Rebate vs. lower interest: Which car incentive is right for you?

When comparing car-buying incentives, it’s important to consider the financial factors and do the math so you can make the right decision for you

Giant stickers on each car in the lot promise big savings for buyers. “Cash rebate!” and “Low interest rate!” appear most often. Here’s what those deals mean:

  • Cash rebate: The car manufacturer gives you a one-time rebate usually deducted from your car’s purchase price. Rebate amounts vary, but they usually range from $1,000 to $3,000.
  • Low interest rate: The dealer offers an interest rate on a loan that is lower than the normal rates offered.

Car manufacturers usually allow only one deal per purchase. Sometimes you get to choose which offer to take. But keep in mind when evaluating the low interest rate offer that only those with excellent credit qualify for the lowest published rates. Consider the specifics to see whether the lower interest rate or the cash rebate is the better option for you.

Calculate your payments

Say you buy a $23,500 car and put no money down. The dealership offers a 60-month loan with the option of a cash rebate or a zero percent interest rate.

Cash rebate Option 1: Cash rebate $2,000. Option 2: Zero-percent financing —. Total borrowed (purchase price minus rebate) Option 1 Cash rebate $21,500. Option 2: Zero-percent financing $23,500. Interest rate Option 1: Cash rebate 2.19%. Option 2: Zero-percent financing 0%. Monthly payment Option 1: Cash rebate $379. Option 2: Zero-percent financing $392. Total you pay Option 1: Cash rebate $22,740. Option 2: Zero-percent financing $23,520.

With zero-percent financing, even though you don’t pay interest on the loan, you end up with a higher monthly payment, and you pay $780 more over the life of the loan because you borrow more money.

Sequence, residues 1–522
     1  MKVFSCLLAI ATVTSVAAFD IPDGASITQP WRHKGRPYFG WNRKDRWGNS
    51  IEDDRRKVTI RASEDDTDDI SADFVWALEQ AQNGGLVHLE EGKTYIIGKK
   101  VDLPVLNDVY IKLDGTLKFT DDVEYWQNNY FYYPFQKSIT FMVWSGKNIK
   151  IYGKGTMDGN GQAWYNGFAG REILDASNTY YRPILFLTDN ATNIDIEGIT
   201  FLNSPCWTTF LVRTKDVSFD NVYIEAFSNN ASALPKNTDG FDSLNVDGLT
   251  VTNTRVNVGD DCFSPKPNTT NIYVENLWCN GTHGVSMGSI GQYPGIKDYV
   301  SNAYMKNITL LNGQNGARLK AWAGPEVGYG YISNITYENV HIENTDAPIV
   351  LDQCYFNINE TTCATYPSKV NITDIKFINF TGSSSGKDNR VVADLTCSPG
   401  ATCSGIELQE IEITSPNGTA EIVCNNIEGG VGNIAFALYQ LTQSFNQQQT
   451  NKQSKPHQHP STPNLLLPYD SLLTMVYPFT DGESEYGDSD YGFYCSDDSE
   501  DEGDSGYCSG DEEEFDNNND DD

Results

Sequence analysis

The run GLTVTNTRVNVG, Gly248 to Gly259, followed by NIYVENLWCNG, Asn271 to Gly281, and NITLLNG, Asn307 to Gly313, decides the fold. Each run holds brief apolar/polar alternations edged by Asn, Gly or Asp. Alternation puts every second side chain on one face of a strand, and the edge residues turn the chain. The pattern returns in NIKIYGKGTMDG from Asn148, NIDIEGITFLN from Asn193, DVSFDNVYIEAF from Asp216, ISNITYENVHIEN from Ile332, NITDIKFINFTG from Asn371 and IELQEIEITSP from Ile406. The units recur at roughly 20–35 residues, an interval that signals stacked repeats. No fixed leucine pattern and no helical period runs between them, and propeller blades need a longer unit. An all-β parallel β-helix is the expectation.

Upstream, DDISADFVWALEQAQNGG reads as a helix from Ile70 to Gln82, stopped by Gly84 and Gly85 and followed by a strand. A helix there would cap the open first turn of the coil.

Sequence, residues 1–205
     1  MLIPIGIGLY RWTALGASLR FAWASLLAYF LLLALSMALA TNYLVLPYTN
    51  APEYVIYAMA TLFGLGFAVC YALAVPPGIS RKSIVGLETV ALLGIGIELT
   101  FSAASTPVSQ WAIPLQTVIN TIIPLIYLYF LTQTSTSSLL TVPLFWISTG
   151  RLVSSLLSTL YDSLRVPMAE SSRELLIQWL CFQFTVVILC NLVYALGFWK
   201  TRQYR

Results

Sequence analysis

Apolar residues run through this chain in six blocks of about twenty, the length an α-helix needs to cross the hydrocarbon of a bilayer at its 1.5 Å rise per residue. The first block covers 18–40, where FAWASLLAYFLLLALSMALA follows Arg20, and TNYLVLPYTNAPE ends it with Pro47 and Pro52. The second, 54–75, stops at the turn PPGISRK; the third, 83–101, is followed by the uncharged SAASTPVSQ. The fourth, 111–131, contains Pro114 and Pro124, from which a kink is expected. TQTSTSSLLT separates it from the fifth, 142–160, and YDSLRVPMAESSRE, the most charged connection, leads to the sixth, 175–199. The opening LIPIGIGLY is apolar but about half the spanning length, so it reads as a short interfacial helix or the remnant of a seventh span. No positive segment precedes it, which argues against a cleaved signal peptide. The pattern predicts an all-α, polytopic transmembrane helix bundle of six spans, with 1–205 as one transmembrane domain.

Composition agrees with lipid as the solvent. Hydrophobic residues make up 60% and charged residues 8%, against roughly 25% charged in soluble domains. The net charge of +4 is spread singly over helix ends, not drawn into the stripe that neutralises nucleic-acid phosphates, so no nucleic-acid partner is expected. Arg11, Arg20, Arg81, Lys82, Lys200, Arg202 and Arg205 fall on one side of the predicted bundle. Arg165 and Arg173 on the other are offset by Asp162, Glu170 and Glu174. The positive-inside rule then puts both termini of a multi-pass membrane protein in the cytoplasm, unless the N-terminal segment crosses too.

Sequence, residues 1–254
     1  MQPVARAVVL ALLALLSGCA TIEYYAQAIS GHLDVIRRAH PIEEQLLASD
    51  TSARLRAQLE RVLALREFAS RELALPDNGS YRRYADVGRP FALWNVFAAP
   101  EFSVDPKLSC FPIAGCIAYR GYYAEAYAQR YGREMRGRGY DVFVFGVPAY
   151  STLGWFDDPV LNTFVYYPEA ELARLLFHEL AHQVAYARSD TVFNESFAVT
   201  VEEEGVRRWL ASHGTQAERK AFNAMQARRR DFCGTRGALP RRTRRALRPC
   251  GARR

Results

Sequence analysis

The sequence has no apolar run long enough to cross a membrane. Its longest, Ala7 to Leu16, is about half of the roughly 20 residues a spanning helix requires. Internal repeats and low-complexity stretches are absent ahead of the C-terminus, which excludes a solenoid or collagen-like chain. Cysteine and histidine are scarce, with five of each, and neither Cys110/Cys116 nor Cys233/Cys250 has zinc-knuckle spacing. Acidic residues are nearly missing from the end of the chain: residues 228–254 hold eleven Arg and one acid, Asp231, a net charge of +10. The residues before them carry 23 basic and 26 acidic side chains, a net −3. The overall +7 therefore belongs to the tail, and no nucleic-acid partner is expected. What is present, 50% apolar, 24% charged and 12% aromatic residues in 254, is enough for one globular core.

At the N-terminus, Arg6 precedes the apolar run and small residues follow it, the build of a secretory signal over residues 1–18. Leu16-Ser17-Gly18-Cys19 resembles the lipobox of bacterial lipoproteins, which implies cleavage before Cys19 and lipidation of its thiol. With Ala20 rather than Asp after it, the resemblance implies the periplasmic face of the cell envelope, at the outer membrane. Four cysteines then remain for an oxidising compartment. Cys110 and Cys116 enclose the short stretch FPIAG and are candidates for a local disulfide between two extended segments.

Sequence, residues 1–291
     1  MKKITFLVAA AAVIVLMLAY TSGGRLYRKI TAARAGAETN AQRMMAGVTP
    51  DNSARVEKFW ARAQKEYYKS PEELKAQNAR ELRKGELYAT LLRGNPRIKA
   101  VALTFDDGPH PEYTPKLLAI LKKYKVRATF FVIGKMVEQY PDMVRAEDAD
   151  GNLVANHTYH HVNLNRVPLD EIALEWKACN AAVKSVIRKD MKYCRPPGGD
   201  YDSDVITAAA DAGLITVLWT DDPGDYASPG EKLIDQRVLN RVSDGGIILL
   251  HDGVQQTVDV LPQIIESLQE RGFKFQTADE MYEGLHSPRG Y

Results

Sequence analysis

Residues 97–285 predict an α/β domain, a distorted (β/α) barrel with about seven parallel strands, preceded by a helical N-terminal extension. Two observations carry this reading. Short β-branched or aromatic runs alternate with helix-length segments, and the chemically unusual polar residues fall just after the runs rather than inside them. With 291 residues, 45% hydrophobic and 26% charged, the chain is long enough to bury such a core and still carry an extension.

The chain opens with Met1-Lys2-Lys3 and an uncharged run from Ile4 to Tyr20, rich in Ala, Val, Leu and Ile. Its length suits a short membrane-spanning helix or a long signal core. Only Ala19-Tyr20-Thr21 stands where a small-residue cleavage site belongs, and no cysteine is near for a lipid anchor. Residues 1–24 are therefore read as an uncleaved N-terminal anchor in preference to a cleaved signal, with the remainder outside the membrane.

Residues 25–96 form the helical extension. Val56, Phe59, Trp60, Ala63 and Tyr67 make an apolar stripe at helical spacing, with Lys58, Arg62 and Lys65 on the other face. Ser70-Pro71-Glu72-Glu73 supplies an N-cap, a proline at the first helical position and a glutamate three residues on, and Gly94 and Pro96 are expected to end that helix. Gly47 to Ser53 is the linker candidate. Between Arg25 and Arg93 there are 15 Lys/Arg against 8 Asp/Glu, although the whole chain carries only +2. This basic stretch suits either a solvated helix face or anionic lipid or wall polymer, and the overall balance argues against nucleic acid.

Consider all the variables

If your goal is to end up with the lowest monthly payment, the cash rebate is typically the better alternative. However, variables such as how much money you put down, the total purchase price of the vehicle, any trade-in values, your local sales tax rate and the length of the loan can affect the total you pay. A longer loan term can lower your monthly payment, but you pay more total interest over the life of the loan.


The right choice for you depends on your priorities and financial situation. Understanding how car loans work can help you make a smart financial decision so you can drive away happy.

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The material provided on this website is for informational use only and is not intended for financial or investment advice. Bank of America and/or its affiliates, and Khan Academy, assume no liability for any loss or damage resulting from one’s reliance on the material provided. Please also note that such material is not updated regularly and that some of the information may not therefore be current. Consult with your own financial professional when making decisions regarding your financial or investment options.

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